Vietnam supporting an Afghan-owned, Afghan-led peace process

Welcoming the historic peace negotiation of concerned parties in Afghanistan, Ambassador Dang Dinh Quy, head of the Vietnamese mission to the United Nations, hoped that they will early reach a long-term ceasefire agreement so as to create a stable environment favourable for negotiations.

Ambassador Dang Dinh Quy, head of the Vietnamese mission to the United Nations. Photo: VNA

Quy re-affirmed support for an inclusive Afghan-owned and Afghan-led peace process while attending the United Nations Security Council (UNSC)’s Arria Meeting.

He took the occasion to send his sympathy to the government, citizens and families of victims of the terrorist attack which took place at Kabul University on November 2, calling on relevant sides to obey international humanitarian law, and ensure humanitarian and medical access amidst the ravaging COVID-19 pandemic. 

Quy laid stress on the importance of more efforts to provide humanitarian support, reduce poverty, respond to food insecurity, and promote the participation of women and youths in Afghanistan’s peace process. 

Countries and speakers at the meeting welcomed the historic peace negotiation between the Afghan government and the Taliban, starting from September 12 in Doha, Qatar. They also spoke highly of the government’s work to encourage the involvement of women in the peace negotiation.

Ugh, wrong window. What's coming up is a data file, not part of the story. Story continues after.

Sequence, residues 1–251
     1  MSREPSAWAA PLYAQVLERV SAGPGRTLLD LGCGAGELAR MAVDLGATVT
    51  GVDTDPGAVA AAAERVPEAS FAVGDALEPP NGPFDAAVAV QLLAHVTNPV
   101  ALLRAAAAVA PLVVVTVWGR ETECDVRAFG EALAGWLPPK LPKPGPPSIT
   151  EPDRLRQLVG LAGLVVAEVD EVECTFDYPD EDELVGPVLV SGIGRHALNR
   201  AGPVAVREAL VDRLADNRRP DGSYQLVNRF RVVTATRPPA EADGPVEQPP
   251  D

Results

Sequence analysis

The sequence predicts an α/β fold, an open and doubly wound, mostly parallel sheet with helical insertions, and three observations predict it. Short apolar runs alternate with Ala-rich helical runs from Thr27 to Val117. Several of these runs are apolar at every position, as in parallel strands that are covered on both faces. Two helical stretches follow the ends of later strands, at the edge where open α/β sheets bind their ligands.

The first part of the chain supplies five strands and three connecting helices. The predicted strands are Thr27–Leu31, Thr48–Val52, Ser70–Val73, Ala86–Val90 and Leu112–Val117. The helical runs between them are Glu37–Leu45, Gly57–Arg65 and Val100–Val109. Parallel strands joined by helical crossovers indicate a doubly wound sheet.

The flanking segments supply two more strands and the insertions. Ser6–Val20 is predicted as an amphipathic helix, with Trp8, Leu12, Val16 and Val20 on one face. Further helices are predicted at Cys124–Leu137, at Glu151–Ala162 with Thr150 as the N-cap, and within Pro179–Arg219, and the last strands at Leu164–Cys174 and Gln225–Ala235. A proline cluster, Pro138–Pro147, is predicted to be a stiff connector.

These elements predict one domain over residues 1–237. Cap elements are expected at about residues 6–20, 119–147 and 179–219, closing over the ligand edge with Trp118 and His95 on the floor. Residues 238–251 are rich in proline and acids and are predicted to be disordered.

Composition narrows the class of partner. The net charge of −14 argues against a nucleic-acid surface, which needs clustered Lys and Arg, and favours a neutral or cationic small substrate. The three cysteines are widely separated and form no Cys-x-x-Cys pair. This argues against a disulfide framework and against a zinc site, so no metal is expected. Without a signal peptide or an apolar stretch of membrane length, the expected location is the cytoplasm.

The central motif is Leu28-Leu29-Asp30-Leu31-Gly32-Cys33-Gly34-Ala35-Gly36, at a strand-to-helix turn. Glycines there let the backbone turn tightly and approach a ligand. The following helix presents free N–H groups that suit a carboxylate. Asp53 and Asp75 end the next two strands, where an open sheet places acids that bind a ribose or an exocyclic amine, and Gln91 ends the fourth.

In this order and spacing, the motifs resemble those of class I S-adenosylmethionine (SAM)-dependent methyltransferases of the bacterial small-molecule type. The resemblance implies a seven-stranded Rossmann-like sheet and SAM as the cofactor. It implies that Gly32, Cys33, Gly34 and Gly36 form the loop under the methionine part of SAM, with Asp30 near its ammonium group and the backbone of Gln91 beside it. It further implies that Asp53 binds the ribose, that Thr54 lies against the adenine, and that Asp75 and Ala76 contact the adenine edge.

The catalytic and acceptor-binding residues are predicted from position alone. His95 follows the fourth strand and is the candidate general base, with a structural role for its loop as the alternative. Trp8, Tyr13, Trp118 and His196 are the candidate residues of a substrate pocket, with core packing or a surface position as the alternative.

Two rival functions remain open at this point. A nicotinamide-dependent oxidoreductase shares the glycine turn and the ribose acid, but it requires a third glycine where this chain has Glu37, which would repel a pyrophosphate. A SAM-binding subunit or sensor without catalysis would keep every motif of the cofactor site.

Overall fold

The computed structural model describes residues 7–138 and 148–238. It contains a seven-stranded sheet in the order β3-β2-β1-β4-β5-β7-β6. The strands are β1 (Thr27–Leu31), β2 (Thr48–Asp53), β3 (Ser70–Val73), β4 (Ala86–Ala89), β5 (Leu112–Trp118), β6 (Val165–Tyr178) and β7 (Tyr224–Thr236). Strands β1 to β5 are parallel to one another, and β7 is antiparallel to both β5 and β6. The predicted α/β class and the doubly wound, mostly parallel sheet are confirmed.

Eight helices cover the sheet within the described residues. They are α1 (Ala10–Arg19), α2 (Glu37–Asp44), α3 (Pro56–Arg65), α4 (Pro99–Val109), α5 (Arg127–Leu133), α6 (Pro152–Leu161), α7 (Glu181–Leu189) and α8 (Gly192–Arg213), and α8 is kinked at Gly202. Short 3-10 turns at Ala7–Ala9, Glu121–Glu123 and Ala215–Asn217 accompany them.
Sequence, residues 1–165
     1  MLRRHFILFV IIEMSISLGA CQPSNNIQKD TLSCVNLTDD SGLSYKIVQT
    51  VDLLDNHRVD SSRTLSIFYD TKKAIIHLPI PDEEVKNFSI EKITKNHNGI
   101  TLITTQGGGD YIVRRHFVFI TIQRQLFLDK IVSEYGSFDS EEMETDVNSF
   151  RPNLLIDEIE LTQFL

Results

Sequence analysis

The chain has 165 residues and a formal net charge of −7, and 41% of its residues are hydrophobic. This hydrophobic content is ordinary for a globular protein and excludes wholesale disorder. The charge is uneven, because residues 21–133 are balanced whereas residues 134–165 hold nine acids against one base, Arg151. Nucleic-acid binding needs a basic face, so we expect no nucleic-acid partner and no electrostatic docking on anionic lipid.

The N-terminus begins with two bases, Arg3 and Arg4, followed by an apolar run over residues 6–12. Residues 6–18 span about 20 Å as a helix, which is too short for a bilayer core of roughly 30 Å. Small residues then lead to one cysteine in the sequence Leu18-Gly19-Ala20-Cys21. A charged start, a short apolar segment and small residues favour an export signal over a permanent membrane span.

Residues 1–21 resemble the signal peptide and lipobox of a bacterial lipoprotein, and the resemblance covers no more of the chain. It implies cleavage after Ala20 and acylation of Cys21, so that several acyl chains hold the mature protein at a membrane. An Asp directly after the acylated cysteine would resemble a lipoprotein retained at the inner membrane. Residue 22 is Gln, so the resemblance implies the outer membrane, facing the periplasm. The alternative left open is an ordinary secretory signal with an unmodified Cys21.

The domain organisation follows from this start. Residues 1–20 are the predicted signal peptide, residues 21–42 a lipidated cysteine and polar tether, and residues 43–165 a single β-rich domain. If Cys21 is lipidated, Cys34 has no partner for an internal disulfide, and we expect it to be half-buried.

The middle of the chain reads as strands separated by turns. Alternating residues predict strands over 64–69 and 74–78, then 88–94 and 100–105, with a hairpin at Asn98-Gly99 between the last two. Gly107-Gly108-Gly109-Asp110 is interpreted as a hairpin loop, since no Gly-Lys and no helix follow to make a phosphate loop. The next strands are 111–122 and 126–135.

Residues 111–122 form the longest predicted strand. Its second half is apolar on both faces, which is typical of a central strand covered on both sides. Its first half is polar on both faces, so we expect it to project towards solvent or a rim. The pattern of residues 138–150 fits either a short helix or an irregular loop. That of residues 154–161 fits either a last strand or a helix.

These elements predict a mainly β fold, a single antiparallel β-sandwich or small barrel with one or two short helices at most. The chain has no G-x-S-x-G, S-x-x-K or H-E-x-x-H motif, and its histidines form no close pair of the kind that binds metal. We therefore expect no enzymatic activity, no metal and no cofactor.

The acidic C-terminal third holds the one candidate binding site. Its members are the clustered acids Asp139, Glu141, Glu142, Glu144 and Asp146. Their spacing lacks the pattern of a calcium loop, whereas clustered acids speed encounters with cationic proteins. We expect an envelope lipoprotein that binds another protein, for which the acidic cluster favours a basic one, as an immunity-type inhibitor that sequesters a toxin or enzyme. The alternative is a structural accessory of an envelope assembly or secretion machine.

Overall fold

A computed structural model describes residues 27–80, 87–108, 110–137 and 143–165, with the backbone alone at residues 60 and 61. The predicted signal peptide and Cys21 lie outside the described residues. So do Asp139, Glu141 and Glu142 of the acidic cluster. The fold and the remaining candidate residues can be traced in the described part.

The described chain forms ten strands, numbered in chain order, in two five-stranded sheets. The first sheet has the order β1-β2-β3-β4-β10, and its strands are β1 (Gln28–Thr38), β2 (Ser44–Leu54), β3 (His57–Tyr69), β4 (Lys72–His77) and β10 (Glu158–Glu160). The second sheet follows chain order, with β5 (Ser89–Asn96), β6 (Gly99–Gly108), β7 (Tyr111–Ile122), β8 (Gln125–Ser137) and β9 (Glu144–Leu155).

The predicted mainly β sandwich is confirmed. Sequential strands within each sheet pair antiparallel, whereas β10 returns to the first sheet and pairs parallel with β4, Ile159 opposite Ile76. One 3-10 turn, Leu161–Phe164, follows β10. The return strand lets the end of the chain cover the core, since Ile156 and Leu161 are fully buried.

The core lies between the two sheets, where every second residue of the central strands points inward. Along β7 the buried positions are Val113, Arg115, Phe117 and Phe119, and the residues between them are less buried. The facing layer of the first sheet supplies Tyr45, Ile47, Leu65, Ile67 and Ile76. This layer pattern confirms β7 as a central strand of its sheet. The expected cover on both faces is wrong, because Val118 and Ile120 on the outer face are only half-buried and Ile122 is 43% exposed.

However, they highlighted challenges during the negotiation, expressing their concern over the increasing violence in the country, and condemning the Taliban and other terrorist organisations’ recent attacks targeting schools and medical stations. 

Special Representative of the UN Secretary-General and Head of the United Nations Assistance Mission in Afghanistan (UNAMA) Deborah Lyons  wished competent parties will reach a code of conduct in negotiation so as to begin talks on specific issues. 

She highlighted UNAMA’s efforts in supporting the peace process, and called on regional and international partners to promote negotiation for peace, humanitarian support and development in Afghanistan. 

"To that end, we remain committed to helping Afghanistan work towards a peaceful end-state that is inclusive of all Afghans, and preserving the rights of the whole population in keeping with global standards.  Daily, I am reminded that the United Nations has a vital role as an umbrella under which we can all work for peace, without self-interest. This impartiality can be further leveraged to engage the Afghan parties, and all stakeholders," said Lyons.

The situation in Afghanistan has seen complicated developments despite the peace negotiation between the government and the Taliban. The UNAMA said conflicts in the country killed and injured more than 10,000 civilians in 2019, and over 3,500 in first half of 2020. As of November 20, the country recorded over 44,000 COVID infections, and death toll from the coronavirus surpassed 1,600.

Ngoc Diu